Bay State Shawarma & Shawarma Palace

Perhaps all you know of shawarma is the end of The Avengers when, having saved New York from nuclear destruction, a resuscitated Iron Man says, “Have you ever tried shawarma? There’s a shawarma joint about two blocks from here. I don’t know what it is, but I want to try it.” The Avengers did. So should you. Shawarma is a spit-grilled Levantine or Eastern Mediterranean meat dish (chicken, beef, veal, beef, or some mixture of them) sliced and served fresh with Middle Eastern sides. And you don’t need to wait for the next alien attack or even go to New York to find it: There are two great shawarma joints in Worcester: Shawarma Palace at the base of Pleasant Street and Bay State Shawarma in Kelly Square. Is one greater than the other? Each has its passionate fans and we have found ourselves switching sides more than once. What is undoubtedly great about both is the pride each takes in their food and the quality/quantity/price value.

Fatima’s Café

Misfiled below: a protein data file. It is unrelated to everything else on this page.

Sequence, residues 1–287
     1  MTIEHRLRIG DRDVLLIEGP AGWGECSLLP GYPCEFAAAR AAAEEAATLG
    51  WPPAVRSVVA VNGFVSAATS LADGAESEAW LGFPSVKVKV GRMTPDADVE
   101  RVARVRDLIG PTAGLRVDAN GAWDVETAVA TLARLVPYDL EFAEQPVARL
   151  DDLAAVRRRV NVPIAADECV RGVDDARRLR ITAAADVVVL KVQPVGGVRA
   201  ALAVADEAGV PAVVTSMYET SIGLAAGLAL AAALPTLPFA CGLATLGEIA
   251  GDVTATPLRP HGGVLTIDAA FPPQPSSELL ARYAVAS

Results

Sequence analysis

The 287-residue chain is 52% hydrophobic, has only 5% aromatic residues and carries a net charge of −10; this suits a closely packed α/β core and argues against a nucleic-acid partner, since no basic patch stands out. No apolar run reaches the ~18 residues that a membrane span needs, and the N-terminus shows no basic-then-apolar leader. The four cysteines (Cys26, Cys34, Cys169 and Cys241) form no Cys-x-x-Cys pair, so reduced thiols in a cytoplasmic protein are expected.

The awning outside says pizza and pasta, but the menu inside has neither of those things. What it does have is … Somali Anjero? Rice with Sugoo? Ugali with Sukuma? An Ethiopian Anjero Platter? Two words: Yes. Please. All the things. You will never be more grateful for not having another mediocre pizza: This is great African comfort food that serves both the African community and anyone who wants a break from the usual. Then watch how fast Fatima’s becomes your new normal. The spongy ugali made from cornmeal that sits next to sautéed veggies more than fills you up, especially if you want to add one of the excellent meat stews (including goat!). Anjero is a sourdough flatbread and it is a perfect vehicle for three Somali vegetable stews. Fatima even serves up eggplant chapatti and samosas that hit their mark in your stomach like a bindi between the eyes. Yup, better than any pizza or pasta that could possibly come from a storefront here. Much better.